From a youth camp in Devon, to the anti-fracking protest camp at Balcombe and then onto the Greenbelt festival I participated in three very different communities. It wasn’t a relaxing holiday, more the body-aching-wood-smoke-smelling-when-will-I-see-hot-water-again kind.
But I think I was hoping to be uncomfortable. I wanted to be in that place where I am moved, where the fire in my blood about the state of the world is roused and my sense awakened. It is so easy to lose that in day to day life. Even when we wake to a job we really believe in, it’s easy to feel disconnected, to pay more attention to the ache of tiredness, than the pang of injustice.
It was not your usual summer holiday. And this is what I learnt…
Community is eating together
Lee Abbey is a Christian community in Devon which hosts an annual youth-camp. Driving past the main community house we descend into a small signal-free dip, and begin to smell the woodsmoke from the fire-shelter. Woodsmoke curls under finger-nails and wisps into hair – as fire heats the three boilers, Faith, Hope and Charity. These aptly named givers in turn provide the hot water required for the camp to boil potatoes, whip up gravy and wash it all up at the end. A cooks team works fearlessly in the face of the fire as the boiler man/woman keeps everything as stoked as a first-year during Freshers week.
When we cook together, eat in sync and slop soap down ourselves we enact simple and primeval principles. All that chewing creates a rhythm – young people know it’s a mealtime because music is played loudly and raucously. And when we get angry or tired over a small thing brought up by all the cooking, cleaning, washing up and stoking, we breathe, try to see grace through misty rage and ask for more and more and more of this uncomfortableness which exposes our own vulnerability.
Community is creating together
Non-hierarchical consensus decision-making. Vegan kitchens and a committed bunch of first-timers and seasoned activists joining together for a six day camp. Setting up shop in solidarity with the people of Balcombe who have been resisting the exploitation of their local landscape for eighteen months. A completely new world for me of direct action, protest on the front-line rather than in a speech or an opinion piece.
And a lot of faith. In the possibility of change. In a new generation of activists (not delineated by age as much as by experience). In each-other.
It’s an intoxicating mix which leads to a day of creative and iconoclastic direct action. Campaigners close off the drilling site with arm-locks and bike blocks while sister actions happen simultaneously across the country. A team super-glue themselves to Cuadrilla’s PR company HQ in London and a the blade of a wind turbine is delivered to the roof of Francis Maude MPs constituency office. You can read more about the anti-fracking protests and the rationale behind No Dash For Gas’s actions here – and at the end of that burst of creativity there was dancing, dancing and hope in the dancing.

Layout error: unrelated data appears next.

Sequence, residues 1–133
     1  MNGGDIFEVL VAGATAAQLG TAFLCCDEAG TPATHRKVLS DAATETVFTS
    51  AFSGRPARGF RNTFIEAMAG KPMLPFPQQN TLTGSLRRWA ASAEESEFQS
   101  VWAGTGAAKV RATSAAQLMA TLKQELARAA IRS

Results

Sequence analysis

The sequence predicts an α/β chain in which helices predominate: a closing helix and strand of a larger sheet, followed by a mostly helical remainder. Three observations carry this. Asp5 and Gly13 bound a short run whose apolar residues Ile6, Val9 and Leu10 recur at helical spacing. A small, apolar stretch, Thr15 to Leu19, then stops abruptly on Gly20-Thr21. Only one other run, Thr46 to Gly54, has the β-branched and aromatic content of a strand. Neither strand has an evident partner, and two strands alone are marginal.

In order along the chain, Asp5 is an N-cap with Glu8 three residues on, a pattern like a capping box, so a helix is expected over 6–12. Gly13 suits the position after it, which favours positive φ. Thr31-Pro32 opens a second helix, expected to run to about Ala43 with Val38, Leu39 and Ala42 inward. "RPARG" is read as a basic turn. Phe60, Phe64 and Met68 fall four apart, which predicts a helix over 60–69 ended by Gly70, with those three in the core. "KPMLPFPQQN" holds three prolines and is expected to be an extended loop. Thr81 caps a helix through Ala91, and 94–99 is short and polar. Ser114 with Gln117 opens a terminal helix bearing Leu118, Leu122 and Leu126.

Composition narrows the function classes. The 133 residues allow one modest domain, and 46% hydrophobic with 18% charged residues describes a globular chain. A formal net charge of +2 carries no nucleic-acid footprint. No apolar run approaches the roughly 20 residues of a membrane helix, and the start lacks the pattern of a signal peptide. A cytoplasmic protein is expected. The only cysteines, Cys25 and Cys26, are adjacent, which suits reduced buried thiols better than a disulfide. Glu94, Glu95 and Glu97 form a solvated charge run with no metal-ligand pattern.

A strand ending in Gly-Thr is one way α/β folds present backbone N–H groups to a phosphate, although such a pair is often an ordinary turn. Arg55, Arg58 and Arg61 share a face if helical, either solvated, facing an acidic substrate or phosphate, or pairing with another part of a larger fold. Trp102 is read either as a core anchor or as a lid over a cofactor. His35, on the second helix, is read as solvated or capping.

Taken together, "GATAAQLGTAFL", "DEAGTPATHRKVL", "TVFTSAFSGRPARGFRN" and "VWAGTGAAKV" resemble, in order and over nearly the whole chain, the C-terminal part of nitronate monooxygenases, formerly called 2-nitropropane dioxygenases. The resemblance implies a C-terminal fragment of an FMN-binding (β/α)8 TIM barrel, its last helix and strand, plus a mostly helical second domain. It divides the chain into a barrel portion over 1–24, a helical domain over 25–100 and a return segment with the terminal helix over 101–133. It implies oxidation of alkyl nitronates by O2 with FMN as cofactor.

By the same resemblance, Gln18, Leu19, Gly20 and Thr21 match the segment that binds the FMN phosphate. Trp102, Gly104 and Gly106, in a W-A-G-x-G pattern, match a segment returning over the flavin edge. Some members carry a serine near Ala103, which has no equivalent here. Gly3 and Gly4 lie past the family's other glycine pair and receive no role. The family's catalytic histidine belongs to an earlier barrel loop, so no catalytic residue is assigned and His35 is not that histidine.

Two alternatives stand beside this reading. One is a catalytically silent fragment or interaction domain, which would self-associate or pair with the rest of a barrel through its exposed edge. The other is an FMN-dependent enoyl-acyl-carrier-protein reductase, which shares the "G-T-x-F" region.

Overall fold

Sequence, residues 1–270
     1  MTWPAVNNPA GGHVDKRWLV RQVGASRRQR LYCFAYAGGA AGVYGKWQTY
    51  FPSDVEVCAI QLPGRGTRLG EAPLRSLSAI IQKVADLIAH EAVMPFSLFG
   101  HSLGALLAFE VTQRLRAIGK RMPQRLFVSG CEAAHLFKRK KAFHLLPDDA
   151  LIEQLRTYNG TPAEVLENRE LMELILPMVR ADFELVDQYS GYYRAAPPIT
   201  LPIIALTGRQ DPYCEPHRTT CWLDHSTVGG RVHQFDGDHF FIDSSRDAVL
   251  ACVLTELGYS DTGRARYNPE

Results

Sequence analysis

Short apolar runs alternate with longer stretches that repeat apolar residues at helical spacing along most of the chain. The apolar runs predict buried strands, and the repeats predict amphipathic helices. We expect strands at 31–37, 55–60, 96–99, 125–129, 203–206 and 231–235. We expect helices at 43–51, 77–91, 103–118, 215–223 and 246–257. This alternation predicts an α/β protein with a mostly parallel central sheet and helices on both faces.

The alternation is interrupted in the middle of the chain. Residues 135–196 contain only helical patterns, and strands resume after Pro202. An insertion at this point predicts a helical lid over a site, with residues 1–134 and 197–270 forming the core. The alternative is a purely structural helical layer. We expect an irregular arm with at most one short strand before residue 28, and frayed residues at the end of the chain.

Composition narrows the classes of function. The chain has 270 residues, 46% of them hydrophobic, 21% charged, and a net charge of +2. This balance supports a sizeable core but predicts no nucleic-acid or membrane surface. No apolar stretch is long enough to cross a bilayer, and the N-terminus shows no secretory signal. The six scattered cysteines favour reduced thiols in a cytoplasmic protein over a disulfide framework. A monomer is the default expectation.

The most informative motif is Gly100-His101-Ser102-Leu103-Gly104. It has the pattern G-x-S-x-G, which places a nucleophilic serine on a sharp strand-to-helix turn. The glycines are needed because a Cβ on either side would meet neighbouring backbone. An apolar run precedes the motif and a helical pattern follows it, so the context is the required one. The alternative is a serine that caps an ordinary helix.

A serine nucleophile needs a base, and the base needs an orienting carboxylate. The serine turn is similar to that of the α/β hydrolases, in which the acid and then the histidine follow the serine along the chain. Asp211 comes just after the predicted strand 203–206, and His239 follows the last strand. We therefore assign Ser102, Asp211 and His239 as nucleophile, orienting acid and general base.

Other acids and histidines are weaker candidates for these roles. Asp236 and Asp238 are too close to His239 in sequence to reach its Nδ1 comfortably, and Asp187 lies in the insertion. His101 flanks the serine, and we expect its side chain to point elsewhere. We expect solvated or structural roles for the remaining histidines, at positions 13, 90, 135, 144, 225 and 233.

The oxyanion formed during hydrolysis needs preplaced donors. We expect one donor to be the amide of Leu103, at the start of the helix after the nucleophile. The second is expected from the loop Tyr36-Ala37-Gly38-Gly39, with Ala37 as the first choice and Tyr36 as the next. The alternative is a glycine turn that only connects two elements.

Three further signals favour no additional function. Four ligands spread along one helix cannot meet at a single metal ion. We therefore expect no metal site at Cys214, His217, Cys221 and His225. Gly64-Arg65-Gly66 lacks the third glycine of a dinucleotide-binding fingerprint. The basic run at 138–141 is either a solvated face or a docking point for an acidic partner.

Community is space
And finally onto the Greenbelt festival. Celebrating their 40th year of community and commitment to diversity, social justice and artistic license. Exposure to God who is as mystical as the eucharist sung to Les Mis, as whole as a warmed teapot and as brimful of good humour as a pint. I remember being bounced through the mud when the festival occupied its old site, smelling the night air far past my bedtime.
Greenbelt is a place that helps some of us to locate our theology in this ever-expanding culture without it losing its challenge, its bite. I tell friends the programme and see their interest in a faith which says things and pushes us, which gives people space to be themselves and admits to wanting to learn from them, learn from them all.
So, creating together, eating together and breathing space.
Consuming together doesn’t create community, creating together does. Preparing food together and then eating it is a different thing to dining al fresco soaking up an atmosphere. And if you give people true space to be loved, rather than merely tolerating their difference, you begin to appreciate the marvels of humanity.
A friend I made in Balcombe noticed something when he saw everybody dancing after the day of action. Looking at the abandon of the shapes we threw, he thought, ‘These people dance better than any others, because they dance at the end of a day well spent.’
So it wasn’t Hepburn’s Roman Holiday. There were no tavernas or moon-lit sangria’s. But there were catch-your-breath moments of glee, when the world turns on a shared drum-beat, or an all hands to the pump meal-time, or the uninhibited body-twist of somebody who has not danced for too long.
Hannah Martin, 24, is passionate about youth development, social justice, good strategy, great dancing and unpolished Christianity. She occasionally tweets @Hannah_RM